Observed and projected changes in the climate based decay hazard of timber in the United Kingdom

IRG/WP 20-20665

S F Curling, G A Ormondroyd

The risk of microbiological attack on wood is determined by both material and climatic factors and indeed the hazard for a component is based on its intrinsic durability and the conditions in which it is used. The use of wood and organic materials in construction is increasing but ultimately all these materials will be susceptible to microbiological attack. The Scheffer Climate index applies climatic variables such as temperature and wetting time to assess hazard zones within geographical areas. A changing and variable climate e.g. an increase in heavy but short duration rain events, may have an effect on the incidence or severity of microbiological attack and with the increase in the use of timber this could have significant impact on buildings and construction. This paper shows a significant increase in the Scheffer climate indices for various locations of the UK from 1990 to 2019. The highest index values are seen in the Northern and western areas of the United Kingdom, but increases are seen across the country. The paper also uses representative concentration pathway (RCP) scenarios to project future climate decay indices for the United Kingdom until the end of the 21st century. The projections show a significant increase in the climate decay index even in the lowest RCP scenario, with all regions of the UK moving to index values indicating a very high hazard based on climatic conditions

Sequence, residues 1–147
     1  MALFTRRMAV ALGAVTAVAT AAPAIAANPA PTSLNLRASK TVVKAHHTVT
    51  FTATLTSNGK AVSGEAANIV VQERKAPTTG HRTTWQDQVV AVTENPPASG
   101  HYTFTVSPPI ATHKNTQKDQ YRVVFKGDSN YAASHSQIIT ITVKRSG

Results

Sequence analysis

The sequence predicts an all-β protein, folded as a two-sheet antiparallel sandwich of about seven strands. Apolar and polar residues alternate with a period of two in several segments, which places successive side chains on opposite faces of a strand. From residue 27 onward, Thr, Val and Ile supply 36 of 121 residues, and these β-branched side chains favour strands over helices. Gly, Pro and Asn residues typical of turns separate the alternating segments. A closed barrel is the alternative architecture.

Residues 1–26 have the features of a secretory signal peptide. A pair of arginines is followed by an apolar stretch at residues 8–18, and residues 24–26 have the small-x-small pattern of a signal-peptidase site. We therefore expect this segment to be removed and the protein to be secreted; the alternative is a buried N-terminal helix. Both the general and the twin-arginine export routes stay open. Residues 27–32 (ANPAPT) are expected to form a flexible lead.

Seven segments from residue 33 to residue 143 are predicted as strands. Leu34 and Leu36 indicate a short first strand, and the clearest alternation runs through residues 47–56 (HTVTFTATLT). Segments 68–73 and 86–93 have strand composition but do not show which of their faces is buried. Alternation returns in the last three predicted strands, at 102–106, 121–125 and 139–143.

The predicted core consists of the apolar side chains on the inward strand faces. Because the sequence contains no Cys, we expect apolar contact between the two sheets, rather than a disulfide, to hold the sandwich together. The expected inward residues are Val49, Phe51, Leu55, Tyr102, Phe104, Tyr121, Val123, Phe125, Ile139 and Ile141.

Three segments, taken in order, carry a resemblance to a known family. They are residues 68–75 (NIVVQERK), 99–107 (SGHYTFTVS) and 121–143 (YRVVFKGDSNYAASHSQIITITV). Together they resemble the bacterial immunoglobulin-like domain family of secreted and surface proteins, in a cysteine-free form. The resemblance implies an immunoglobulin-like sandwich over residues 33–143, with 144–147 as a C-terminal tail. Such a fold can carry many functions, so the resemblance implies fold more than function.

Keywords: decay hazard, Scheffer climate index, climate change

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